Part of the thrill of working at C4 Ventures, aside from having a robot at the office, is that you get to meet every day with founders who create revolutionary products, introduce new standards, disrupt industries and processes, change the world through science and tech… You have to read a lot to stay on top of these developments.
That’s how I started to read Seven Brief Lessons on Physics by Carlo Rovelli and I came across one comment that really struck me. Rovelli is explaining Einstein’s paper on quantum theory, the one which completely changed our understanding of how the universe works, and suddenly pauses to comment on the rhetoric :
"It seems to me that the observations associated with blackbody radiation, flourescence, the production of cathode rays by ultraviolet light, and other related phenomena connected with the emission or transformation of light are more readily understood if one assumes that the energy of light is discontinuously distributed in space."
These simple and clear lines are the real birth certificate of quantum theory. Note the wonderful initial "It seems to me…," which recalls the "I think…" with which Darwin introduces in his notebooks the great idea that species evolve, or the "hesitation" spoken of by Faraday when introducing for the first time the revolutionary idea of the magnetic fields. Genius hesitates.
“Genius hesitates”, he says. In other words, even the greatest minds hesitate when introducing new concepts and theories. Even when you think you’re on to something big, something revolutionary or disruptive, most of the time it feels like grasping in the dark. The road ahead is unclear. You can never be sure that you are following the right track, and until the very last mile, it’s easy to be seized by doubt and start to question everything. If you’re an entrepreneur, you probably know the feeling.
That’s when I started to draw a parallel with the venture world. At C4 Ventures, we have a simple way of screening all investment opportunities:
👯♂️ We invest in great teams,
🚀 With whom we share a big vision,
💻 Who have created defensible tech in one of our core three sectors,
📈 Whose recent development makes us confident they’ll reach their vision.
If at least one of these four criteria is met, we decide to spend time on it. But the team is by far the most important one. We can decide not to make an investment when we don’t believe in the team, even if all the other criteria are met, and we can decide to make an exception when we think the founders are absolutely incredible, based on our personal experience with them, their track record, or both.
So what makes a genius founder? Some signals like academic background, technical background, expertise, experience get most of the attention. But years of experience won’t guarantee success. Take for example this WSJ article by Francis Greene, debunking the myth that successful entrepreneurs succeeded because they first failed. Entrepreneurs can learn from their mistakes, but a lot of them don’t and even those who do are far from being likely to succeed even then. “Even if you’ve run a business successfully before, you are just as likely to see your new business fail as a first-time entrepreneur”. That’s because “learning is difficult in startups contexts,” where you are “playing with constantly evolving rules and opponents”.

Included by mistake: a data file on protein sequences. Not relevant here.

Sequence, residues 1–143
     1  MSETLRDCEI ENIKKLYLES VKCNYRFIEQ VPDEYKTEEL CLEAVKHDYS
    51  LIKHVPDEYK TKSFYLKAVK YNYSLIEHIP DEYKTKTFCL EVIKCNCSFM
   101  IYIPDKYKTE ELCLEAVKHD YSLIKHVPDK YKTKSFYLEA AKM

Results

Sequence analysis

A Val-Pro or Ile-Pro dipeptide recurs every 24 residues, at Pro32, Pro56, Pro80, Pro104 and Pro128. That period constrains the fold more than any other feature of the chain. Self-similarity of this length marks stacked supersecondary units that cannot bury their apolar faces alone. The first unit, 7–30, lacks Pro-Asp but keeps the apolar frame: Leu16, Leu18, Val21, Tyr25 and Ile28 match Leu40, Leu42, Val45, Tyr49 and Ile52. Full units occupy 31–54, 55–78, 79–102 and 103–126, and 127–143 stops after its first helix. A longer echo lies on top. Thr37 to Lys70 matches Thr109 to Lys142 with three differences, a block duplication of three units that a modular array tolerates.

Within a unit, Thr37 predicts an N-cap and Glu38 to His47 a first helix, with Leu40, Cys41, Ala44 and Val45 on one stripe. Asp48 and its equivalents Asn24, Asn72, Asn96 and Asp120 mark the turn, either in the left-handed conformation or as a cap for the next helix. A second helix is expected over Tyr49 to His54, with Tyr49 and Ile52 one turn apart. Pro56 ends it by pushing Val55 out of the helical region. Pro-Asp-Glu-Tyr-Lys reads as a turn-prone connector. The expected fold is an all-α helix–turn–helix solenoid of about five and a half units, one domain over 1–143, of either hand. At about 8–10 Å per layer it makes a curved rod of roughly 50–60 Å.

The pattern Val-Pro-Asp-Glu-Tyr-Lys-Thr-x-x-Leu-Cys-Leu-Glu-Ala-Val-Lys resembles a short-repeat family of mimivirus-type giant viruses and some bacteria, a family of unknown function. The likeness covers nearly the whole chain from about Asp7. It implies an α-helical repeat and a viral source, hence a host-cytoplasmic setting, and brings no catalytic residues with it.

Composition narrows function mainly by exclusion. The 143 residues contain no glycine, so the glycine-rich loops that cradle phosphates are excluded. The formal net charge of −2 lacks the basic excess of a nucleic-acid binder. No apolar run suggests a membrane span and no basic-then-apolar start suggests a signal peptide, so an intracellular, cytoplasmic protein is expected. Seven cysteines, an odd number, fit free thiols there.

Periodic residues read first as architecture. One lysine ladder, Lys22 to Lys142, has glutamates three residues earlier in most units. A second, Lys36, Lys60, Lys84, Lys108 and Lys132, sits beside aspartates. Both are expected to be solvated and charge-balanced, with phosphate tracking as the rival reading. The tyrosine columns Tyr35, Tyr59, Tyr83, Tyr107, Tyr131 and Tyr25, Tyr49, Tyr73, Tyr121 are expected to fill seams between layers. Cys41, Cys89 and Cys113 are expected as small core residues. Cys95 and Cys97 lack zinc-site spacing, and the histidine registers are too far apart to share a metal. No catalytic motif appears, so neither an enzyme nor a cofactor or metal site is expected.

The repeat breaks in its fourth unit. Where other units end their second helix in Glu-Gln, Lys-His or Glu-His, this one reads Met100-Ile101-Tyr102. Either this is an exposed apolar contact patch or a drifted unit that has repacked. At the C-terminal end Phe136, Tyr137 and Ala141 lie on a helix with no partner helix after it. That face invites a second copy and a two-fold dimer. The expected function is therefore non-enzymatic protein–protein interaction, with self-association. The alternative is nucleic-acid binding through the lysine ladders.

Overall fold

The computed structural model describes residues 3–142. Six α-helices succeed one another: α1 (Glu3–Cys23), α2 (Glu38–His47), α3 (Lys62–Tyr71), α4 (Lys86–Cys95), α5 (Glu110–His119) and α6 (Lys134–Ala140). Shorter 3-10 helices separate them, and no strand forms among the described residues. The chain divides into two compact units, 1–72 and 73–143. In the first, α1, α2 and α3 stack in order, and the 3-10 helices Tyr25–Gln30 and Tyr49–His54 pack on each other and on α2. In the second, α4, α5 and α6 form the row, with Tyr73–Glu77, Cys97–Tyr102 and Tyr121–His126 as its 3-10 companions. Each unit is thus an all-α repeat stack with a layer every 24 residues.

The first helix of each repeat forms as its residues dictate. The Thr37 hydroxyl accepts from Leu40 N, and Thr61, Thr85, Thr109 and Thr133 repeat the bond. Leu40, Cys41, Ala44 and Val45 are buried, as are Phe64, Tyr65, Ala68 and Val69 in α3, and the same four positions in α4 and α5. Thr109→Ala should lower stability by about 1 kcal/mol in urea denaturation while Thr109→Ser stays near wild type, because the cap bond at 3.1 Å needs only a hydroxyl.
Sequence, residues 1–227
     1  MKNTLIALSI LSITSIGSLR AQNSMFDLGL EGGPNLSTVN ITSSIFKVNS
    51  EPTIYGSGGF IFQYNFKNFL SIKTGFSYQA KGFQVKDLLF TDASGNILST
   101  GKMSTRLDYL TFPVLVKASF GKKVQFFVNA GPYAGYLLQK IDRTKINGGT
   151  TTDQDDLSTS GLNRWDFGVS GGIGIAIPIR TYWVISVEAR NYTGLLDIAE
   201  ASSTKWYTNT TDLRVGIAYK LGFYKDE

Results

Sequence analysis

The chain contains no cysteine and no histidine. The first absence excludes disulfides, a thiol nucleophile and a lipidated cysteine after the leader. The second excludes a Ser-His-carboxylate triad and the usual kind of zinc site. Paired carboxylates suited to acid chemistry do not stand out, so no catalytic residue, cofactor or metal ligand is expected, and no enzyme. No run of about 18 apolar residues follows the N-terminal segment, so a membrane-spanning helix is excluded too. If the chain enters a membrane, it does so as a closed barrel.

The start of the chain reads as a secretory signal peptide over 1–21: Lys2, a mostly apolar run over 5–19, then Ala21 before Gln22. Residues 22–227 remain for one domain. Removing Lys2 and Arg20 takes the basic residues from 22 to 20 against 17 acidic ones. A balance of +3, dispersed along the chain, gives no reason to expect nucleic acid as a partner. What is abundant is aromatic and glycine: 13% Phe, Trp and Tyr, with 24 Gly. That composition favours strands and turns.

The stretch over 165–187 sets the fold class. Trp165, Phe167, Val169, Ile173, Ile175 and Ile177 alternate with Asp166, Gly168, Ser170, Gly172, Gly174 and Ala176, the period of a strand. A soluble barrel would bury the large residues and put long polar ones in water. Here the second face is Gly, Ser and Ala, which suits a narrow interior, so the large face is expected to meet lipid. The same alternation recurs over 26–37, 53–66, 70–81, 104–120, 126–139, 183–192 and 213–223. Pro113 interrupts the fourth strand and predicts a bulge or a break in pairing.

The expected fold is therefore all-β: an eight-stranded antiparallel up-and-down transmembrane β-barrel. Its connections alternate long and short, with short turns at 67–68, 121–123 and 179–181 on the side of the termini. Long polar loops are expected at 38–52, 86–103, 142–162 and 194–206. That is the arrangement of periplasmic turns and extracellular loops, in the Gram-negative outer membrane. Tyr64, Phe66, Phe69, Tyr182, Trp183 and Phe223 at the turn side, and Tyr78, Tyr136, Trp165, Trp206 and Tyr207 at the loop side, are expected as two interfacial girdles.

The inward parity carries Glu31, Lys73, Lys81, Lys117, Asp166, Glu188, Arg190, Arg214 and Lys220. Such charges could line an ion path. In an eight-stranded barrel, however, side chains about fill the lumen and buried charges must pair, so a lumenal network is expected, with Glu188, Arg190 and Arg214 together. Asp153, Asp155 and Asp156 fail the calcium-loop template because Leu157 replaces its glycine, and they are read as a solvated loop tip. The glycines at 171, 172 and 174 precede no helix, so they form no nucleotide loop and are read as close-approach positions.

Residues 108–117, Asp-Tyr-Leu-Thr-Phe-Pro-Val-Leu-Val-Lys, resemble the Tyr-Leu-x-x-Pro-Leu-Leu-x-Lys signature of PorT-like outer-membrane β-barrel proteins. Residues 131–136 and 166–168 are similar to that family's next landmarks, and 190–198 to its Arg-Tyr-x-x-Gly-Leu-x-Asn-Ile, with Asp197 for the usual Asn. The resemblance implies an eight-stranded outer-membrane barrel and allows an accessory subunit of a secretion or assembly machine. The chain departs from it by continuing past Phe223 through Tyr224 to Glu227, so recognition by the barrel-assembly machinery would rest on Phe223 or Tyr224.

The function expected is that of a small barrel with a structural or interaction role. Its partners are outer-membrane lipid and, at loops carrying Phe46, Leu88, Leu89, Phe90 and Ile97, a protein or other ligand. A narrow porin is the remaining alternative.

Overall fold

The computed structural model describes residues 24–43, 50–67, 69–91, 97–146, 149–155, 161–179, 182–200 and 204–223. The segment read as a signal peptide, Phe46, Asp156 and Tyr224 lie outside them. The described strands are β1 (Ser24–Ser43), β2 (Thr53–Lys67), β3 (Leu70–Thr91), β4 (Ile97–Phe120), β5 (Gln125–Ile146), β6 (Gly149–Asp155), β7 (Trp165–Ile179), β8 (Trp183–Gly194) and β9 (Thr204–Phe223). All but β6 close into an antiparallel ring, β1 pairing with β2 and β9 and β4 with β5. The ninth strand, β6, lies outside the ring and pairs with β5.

Then there are personality traits like “passion”, “vision”, “resilience” and skills like “effective day-to-day”, “results-driven”, “fast-learner”… But I believe genius founders have something more that lies in the hesitation that Rovelli described. Genius founders hesitate.
Don’t get me wrong: if combined with any of “overthinking”, “indecisive”, “lack of confidence”, hesitation will most likely lead you to struggle as a company. But if well applied, hesitation can lead you to identify your boundaries and the solutions to overcome them more quickly. It makes you dive deep into the business; look for help and advice; make informed decisions and eventually it pushes you in the right direction. Without it, there’s no growth mindset and you stay put where you are.
Hesitation is part of the thrill, even for us as VCs. When we decide to invest, we can never be 100% sure that this is the right decision. That’s why we chose to do VC differently:
First, everyone in the team has previous operational experience or deep knowledge across the three sectors we invest in. It brings different perspectives and enables us to make informed decisions but also to provide more and better support to our portfolio companies.
The team is complemented by a great roaster of Operating Partners who are either immersed in particular sectors or who provide expertise in critical business functions. Operating Partners can contribute to the analysis of new investment opportunities, challenging ideas and views in due diligence. They can co-invest alongside us or represent us at board meetings when it makes sense. They can provide support in specific situations faced by portfolio companies such as a strategic repositioning, a large acquisition, a product launch in new markets… or simply be used as a sounding board for those who hesitate 😉
For example, companies in our portfolio will have the chance to review the tech with André Auberton, deep dive into building or expanding their logistics capabilities with Luc Ducaroir, optimize growth with Philippe Bouissou, implement Media & PR programs with Caroline Winter, identify hiring needs and recruit talents with Michel Coucke… And these are just a few examples!
Last but not least, at C4 Ventures we’re known to undertake due diligence with military precision, asking difficult questions, pouring through every intimate detail of your business… And that’s how hesitation helps us become relevant board members and deliver on our promise to help startups scale up across Europe!